As a leader have you ever been in the situation where a person knows your name and this is the first time you have met them face to face? Have you every introduced yourself and when you said where you worked the other person nodded like they knew the church or ministry? Have you ever been in a situation where you are presenting to a room full of people and as they all leave they tell you they enjoyed your talk but you have no idea who any of them are? Have you ever been in a meeting and the person running the meeting turns to you specifically to ask you your opinion? If you have been in any of these situations then it seems you might be a “somebody”.
It seems that as leaders, especially in ministry, we can be known by more people than we know.
I always thought that I lead with humility but since being on sabbatical for the past four months it seems that I had come to expect that people knew who I was. There is a little bit of pride in me every time somebody knows who I am, it tells me that I am important. I like being in a room full of leaders and the facilitator turning to me to ask for my opinion. Whilst I thought that I handled it well, be in a new city where nobody knew me, it taught me there is a little bit of pride and arrogance in me.
Being a “Nobody”
Over the past four months nobody has known who I was. I haven’t run into a single person who knew my name before I had met them. The closest that I had come was when I have been called “Jesse’s Dad” or “Aidan’s Dad” at the boys school. Since coming to Melbourne I have deliberately introduced myself as a stay-at-home-dad so that I learn the humility of being a person, not a position.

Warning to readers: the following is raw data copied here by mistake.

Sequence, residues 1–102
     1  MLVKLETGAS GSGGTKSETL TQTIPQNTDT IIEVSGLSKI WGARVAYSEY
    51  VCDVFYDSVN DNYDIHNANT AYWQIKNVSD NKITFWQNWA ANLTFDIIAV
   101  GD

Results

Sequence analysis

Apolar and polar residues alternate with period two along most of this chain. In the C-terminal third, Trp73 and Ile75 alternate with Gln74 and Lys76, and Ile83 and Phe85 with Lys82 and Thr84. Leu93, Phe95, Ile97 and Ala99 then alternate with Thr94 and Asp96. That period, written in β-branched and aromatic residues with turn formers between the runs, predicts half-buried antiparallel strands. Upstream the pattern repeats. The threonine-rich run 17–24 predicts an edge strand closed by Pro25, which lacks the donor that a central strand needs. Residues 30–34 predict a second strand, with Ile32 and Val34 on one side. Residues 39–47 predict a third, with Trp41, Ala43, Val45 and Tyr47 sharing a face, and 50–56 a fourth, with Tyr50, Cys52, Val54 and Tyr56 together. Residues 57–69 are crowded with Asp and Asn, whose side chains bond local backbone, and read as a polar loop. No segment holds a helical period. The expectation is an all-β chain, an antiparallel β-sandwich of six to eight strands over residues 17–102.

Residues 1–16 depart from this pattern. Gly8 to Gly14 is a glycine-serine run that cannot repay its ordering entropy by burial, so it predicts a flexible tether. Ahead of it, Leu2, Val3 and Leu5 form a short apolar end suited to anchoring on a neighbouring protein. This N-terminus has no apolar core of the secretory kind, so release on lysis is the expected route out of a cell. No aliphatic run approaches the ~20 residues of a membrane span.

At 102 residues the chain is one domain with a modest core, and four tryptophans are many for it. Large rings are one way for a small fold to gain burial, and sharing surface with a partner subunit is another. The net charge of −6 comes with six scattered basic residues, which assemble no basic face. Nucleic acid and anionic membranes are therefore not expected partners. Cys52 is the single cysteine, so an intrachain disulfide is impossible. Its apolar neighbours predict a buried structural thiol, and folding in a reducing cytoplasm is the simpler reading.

It has been hard being in situations where I would love to share my opinion and nobody calls on me. Or meeting people at church and when they find I am new to the parish they treat me like I am new to Christianity. It came be refreshing to not know anything about anything.
The Blessing of being “Nobody” on Sabbatical
There are three things that I have learnt from being a “nobody” here in Melbourne:
- I am a person not a position – it seems that I had pride in being a position. Perhaps I was hiding behind the position so that others knew me first; letting me of the hook of having to make the first move to get to know someone.
- Everyone has something to share – now that I have been the person in the room with something to share but no position to share it, I have learnt how valuable the opinions and experience of the group are, not just the positional leaders.
- Listen more than you talk – I have sat back and done a lot of listening over the past four months. I have learnt more than I did in the previous 12 months where I talked more than I listened.
Perhaps you won’t get a chance to have your own sabbatical anytime soon. Over the next couple of weeks I will be posting more of my learning’s from my sabbatical. Whilst my sabbatical has not been as structured as an academic sabbatical, it has been four months where I have been intentional about listening to God (read more here in Sabbatical – Introduction). Perhaps you might learn something for your leadership position or your ministry.
Please leave a comment, especially if you would like to know specific about my sabbatical that I write in a future post.